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Please use this identifier to cite or link to this item: http://hdl.handle.net/10761/1285

Issue Date: 4-Feb-2013
Authors: Tomasello, Marianna Flora
Title: Beta-Amyloid oligomeric and monomeric states: implications for Alzheimer's Disease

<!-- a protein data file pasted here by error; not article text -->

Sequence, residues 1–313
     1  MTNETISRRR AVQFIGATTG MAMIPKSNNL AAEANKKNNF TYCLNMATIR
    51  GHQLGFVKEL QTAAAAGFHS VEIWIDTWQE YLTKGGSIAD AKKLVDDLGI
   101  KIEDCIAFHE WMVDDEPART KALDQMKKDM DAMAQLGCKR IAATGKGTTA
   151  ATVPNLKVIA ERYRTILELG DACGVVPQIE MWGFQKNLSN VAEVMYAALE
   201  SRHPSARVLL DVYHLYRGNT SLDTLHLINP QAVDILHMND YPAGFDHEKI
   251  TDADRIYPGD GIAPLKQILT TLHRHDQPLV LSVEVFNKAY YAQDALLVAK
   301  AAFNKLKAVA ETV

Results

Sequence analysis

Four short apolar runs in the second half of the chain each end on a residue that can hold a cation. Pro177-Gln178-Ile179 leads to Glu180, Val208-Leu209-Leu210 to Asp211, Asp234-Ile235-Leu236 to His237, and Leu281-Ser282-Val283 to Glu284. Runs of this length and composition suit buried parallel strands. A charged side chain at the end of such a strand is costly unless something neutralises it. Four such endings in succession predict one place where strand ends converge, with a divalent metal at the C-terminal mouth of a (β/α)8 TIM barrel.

Abstract: Alzheimer's Disease (AD) is by far the most common cause of dementia affecting more than 35 million people worldwide. Despite considerable research, there is still no cure for this neurodegenerative disease and available treatments are only symptomatic. In the controversial literature about AD, a predominant idea refers to the crucial role of amyloid-beta protein (Abeta) in the pathogenesis of the disease; in fact, the feature in the brain of AD patients is the presence of extracellular plaques mainly composed of Abeta. Nevertheless, Abeta is physiologically produced in healthy individuals. Due to its biophysical properties, under certain conditions, Abeta may self-aggregate into multiple forms, ranging from 4 kDa monomers and including higher-order oligomers, protofibrils, and mature fibrils. For many years, the fibrillar Abeta assemblies, similar to what seen in amyloid plaques, have been considered mainly responsible for neurodegenation associated with AD. However, the quantity and temporal progression of amyloid plaques do not correlate well with the clinical evolution of the disease. There is now extensive evidence that soluble Abeta oligomers disrupt synaptic transmission and plasticity in AD. Moreover, new studies strengthen evidence that people with sporadic AD make normal amounts of Abeta, and that the toxic buildup is due to altered peptide disposal. These data are in line with the finding previously reported by our group that Abeta in its non-toxic monomeric state has a broad neuroprotective effect in vitro. This effect depends on the stimulation of type-1 insulin-like growth factor (IGF-I) receptors and/or other receptors of the insulin superfamily. The aim of this PhD thesis was to decipher Abeta activities, focusing on the relationship between the structure/aggregation state and the neurotoxic/biological activity. In paper I we have addressed the issue of Abeta toxicity, whereas the properties of the non-toxic form of Abeta, the monomer, have been considered in paper II and III. In paper I, the neurotoxic activity of Abeta was investigated in a particular model in which anabolic-androgenic steroid (AAS) sensitize neurons to the toxicity of Abeta oligomers. We found that, concentrations of the AAS that were not neurotoxic by themselves were able to increase neuronal susceptibility to the apoptotic stimulus provided by Abeta. In paper II and III, we have demonstrated that the Abeta, in its non-toxic monomeric state, activates type I IGF receptors and mimics the metabolic actions of IGFs in neurons and peripheral cells. In neurons, endogenous Abetarelease was required to uphold glucose uptake during activation, and exogenously added Abeta monomers caused the translocation of type-3 glucose transporters to the plasma membrane with ensuing glucose uptake. We suggest that pathological aggregation of Abetamonomers, as occurring in AD, might impair neuronal ability to cope with transient needs in energy provision.
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